Our biggest complaint with these cookies is that they were not, in fact, cookie-shaped. Rather, they resembled some weird amoeba. At least the taste was halfway decent, because these wouldn't be a cookie we'd proudly serve to other people. We would like to have the dough on the top of our ice cream — if only it was safe to eat raw. 

8. Toll House Chocolate Chip Cookie Dough

We had high hopes for the Toll House cookies, especially after knowing the legacy of the brand and its roots in American cookie history. After all, we expect a lot from a brand that originally brought the best cookie into home kitchens. But we were disappointed with the Toll House chocolate chip cookie dough, which was sold at $3.87 for a pack of 24.

Like the other cookies we sampled, this one was small and failed to reach its fullest size potential. We were also thrown off that the block shape stayed in the cookie even after it was baked. It messes with the visual appeal of the cookie and makes it one that would give itself away as pre-made cookie dough within seconds. The flavor of this cookie is also on the sweet end of things, which made it difficult to get through. However, the cookie did have some merits: It wasn't as hard as some of the other brands we reviewed and had a much better color than its competitors. But it still didn't have the plush, perfect cookie tear we were looking for. 

7. Pillsbury Peanut Butter Cookie Dough

We were excited to see that Pillsbury offered a peanut butter cookie, which we consider to be one of our favorite types of cookie. This one was made with Reese's peanut butter and sold in a pack of 24 for $3.68, which comes down to about $0.15 per cookie. 

These cookies are quite expensive when you consider their size relative to the other varieties we sampled. One of Reese's cookies barely fit in the palm of our hand, which means that you'd almost have to manipulate several cookie pieces together to make one that resembles a normal-sized cookie. 

The flavor of this cookie was just disappointing. The peanut butter was there, although it wasn't particularly prominent, and the overall cookie was more fluffy and softer than we would have liked. It wouldn't pass for a homemade cookie, but it also wouldn't be one the bakery would carry either. This cookie's only saving grace was that it wasn't as awful as some of the lower-quality cookies on the list.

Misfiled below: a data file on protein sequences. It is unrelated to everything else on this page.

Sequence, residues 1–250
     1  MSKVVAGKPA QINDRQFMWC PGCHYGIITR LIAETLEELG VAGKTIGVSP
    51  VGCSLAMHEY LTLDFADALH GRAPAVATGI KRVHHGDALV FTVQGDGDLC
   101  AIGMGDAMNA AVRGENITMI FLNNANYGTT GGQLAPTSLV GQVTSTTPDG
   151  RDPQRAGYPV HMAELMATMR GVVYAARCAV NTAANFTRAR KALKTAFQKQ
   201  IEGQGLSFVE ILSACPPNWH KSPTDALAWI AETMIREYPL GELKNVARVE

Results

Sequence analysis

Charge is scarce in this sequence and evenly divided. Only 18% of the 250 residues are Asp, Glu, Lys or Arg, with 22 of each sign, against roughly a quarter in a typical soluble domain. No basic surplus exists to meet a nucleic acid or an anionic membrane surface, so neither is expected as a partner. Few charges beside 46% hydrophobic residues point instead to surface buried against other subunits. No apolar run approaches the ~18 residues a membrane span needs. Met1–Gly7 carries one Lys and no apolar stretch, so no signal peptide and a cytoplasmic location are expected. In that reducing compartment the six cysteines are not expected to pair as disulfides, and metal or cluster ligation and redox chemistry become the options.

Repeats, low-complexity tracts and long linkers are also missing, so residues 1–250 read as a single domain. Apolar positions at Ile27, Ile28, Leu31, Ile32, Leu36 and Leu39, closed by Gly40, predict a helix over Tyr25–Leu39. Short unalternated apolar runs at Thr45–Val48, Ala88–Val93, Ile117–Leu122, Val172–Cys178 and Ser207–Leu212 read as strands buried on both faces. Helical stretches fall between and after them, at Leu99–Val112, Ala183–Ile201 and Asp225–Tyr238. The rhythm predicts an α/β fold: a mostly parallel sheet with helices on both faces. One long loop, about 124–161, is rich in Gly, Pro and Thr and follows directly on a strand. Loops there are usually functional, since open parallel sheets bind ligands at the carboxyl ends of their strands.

6. Pillsbury Sugar Cookie Dough

We aren't entirely surprised that the sugar cookie dough from Pillsbury was lackluster. Understandably, these cookies are likely made to be blank canvases for decorating with frosting and sprinkles. If so, they fulfill their mission perfectly. The cookies are flat, spread well, and have a neutral flavor that could be a perfect vector for sugary frosting. But eating these cookies solo was nothing short of underwhelming. There were no pronounced vanilla notes in the cookies, but they also weren't sickeningly sweet. Other sugar cookies we reviewed had a better color than this one, which only seemed to have a rather unappetizing and almost white color. 

While we surely won't seek these cookies out in the future, eating them wasn't as bad as some of our other options. So, we had to place these cookies in the middle of the road — which also reflects the price of $3.68 for a pack of 24, which rounds to about $0.15 per cookie. 

5. Pillsbury Limited Edition Lucky Charms Cookie Dough

We admit that we were the least excited to try the Limited Edition Lucky Charms sugar cookie, which includes colorful pastel marshmallow bits throughout the cookie. At first whiff, this cookie reminded us of a carnival — with the air filled with cotton candy. It was nauseating, and we trust that any person over the age of 10 would say the same. 

Anyone who has ever cooked with marshmallows will tell you that it's not easy to put them into a baked good, like cookies, because the texture will always change at least a little bit. When it comes to these cookies, even with freeze-dried marshmallow bits, the case is the same. The marshmallows, which weren't really whole in the first place, disintegrate into little puddles of pastel mush. You probably even couldn't tell it was a marshmallow. The distribution of candies is much better than the Pillsbury Reese's Pieces cookie, though, so we give it some props. But the marshmallows didn't add much to the cookie besides making it sweeter. We would prefer these cookies to the plain sugar ones because they have slightly more vanilla flavor, but this isn't a variety we would buy again. 

Besides the quality of these cookies, the price was also slightly higher than other brands at $5.39 for a pack of 12. We don't think the marshmallows (or what are supposed to be marshmallows) are worth the price tag. 

4. Pillsbury Ready to Bake Refrigerated Chocolate Chip Cookie Dough

Like all of the Pillsbury products, these cookies were easy to separate from the block because they were already in small disc shapes. The treats that came out of the oven were well-sized, and like other Pillsbury products, we wouldn't classify the cookies as being as "big" as the packaging claims that they'd bake out to be. The color of the cookies was paler than we would have expected, which may have limited their flavor and made these cookies taste more like sugar cookies that were mixed with chocolate chips (which we thought would be just an afterthought for the brand). We thought the chocolate chips on these cookies were slightly too sweet, creating an overall sugary eating experience that left us gasping for a glass of water.